Almost a million Aussies taking five or more medicines a day
The prevalence of polypharmacy among older Australians is relatively high and increasing as the population ages, with almost one million people using at least five prescribed medicines, according to the authors of research published by the Medical Journal of Australia.
Using several medicines concurrently — polypharmacy — places older people at risk of harm, including from adverse drug reactions, and is associated with poor clinical outcomes, including nutritional deficiencies, falls, frailty, impaired cognition, more frequent hospitalisation, and premature mortality, wrote the authors.
Led by Dr Amy Page, the NHMRC Early Career Fellow at the Centre for Optimisation of Medicines at the University of Western Australia and the lead pharmacist rehabilitation aged and community care at the Pharmacy Department at Alfred Health in Melbourne, the researchers analysed a random 10 per cent sample of Pharmaceutical Benefits Scheme (PBS) data for people aged 70 years of age or more, who were dispensed PBS-listed medicines between January 1, 2006 and December 31, 2017.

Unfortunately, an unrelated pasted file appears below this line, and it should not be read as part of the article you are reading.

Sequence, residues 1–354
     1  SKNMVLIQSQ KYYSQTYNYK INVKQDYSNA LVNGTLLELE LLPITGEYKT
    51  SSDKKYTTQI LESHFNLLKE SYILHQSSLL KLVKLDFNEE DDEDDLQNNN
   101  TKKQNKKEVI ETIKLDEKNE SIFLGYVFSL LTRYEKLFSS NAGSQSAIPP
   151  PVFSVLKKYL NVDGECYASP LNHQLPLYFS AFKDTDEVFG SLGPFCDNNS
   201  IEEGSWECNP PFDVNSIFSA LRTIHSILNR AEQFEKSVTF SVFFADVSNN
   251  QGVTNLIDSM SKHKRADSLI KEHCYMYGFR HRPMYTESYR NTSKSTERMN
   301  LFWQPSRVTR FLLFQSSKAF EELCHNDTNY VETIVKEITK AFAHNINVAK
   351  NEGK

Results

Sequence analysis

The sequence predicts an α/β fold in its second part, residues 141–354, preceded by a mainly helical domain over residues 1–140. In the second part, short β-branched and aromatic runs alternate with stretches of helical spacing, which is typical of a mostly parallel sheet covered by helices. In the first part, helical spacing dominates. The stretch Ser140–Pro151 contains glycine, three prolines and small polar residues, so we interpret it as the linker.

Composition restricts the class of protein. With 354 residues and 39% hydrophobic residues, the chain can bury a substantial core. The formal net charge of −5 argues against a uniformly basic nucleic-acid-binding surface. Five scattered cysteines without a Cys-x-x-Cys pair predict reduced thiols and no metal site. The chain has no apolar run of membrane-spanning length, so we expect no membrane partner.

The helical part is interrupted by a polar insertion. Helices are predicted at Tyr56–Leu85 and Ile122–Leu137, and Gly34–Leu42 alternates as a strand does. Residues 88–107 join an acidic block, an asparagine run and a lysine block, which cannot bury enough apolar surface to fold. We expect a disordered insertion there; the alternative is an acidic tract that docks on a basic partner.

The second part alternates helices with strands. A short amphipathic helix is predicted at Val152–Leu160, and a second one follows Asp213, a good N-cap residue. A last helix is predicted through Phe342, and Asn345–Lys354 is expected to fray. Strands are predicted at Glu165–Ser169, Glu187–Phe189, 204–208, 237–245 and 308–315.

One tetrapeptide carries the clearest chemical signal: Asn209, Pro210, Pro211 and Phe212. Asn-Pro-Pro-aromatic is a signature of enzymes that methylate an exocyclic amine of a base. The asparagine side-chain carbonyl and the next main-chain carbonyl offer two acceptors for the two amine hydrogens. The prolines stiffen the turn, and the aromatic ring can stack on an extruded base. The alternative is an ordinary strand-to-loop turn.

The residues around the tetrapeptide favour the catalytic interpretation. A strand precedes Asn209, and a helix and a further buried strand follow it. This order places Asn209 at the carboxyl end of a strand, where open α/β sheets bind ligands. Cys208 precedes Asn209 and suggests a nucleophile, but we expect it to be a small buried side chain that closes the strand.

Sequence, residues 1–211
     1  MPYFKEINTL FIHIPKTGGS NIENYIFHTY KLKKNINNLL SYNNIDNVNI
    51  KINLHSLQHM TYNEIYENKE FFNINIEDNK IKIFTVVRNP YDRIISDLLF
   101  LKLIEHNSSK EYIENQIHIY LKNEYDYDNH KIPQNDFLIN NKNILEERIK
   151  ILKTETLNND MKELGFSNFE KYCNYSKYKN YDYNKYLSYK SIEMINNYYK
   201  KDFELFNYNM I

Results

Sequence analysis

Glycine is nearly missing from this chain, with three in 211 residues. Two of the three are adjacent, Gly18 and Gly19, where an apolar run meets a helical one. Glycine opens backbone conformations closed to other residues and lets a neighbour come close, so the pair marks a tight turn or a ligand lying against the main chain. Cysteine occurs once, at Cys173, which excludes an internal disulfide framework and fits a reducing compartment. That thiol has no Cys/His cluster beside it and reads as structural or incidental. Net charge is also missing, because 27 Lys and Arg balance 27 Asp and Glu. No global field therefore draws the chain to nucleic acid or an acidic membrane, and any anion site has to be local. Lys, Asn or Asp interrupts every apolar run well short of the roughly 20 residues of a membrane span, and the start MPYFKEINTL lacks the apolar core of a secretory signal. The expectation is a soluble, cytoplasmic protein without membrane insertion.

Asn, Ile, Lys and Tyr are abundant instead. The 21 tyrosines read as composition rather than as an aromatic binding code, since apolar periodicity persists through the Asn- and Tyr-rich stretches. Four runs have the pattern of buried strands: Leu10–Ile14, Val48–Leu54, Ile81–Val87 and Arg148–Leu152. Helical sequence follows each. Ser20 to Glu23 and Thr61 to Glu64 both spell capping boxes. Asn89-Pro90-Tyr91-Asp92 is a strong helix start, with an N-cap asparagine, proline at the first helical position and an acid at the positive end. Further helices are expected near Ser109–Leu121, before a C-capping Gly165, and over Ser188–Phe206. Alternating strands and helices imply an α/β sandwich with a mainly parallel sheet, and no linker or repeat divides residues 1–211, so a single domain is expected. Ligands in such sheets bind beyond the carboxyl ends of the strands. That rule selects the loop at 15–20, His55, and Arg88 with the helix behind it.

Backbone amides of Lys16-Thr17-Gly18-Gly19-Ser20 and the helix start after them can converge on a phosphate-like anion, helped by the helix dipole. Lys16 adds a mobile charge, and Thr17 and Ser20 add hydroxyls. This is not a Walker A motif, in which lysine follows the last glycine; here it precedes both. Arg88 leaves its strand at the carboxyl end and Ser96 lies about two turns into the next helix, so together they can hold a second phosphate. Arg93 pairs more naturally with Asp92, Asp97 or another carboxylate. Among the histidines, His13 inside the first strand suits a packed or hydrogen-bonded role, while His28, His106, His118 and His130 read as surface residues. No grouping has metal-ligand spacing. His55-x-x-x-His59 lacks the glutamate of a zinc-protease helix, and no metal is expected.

In 2017, 36.1 per cent of older Australians were experiencing polypharmacy, or an estimated 935,240 people, the researchers found. Rates of polypharmacy were higher among women than men (36.6 per cent v 35.4 per cent) and were highest among those aged 80–84 years (43.9 per cent) or 85–89 years (46.0 per cent).
The prevalence of polypharmacy among older people increased by 9 per cent from 2006 to 2017 (from 33.2 per cent to 36.2 per cent). However, the total number of people experiencing polypharmacy increased by 52 per cent (from 543,950 to 828,950).
In their conclusion, Dr Page and colleagues wrote: “Polypharmacy can be appropriate, but this needs to be balanced against the risk that it may contribute to adverse health outcomes in older people.
“We need strategies to reduce medicine use and complexity that target both health professionals and the public. These strategies need to be effective and sustainable. They should include both multidisciplinary approaches and system-level interventions.”
Published: 25 Jul 2019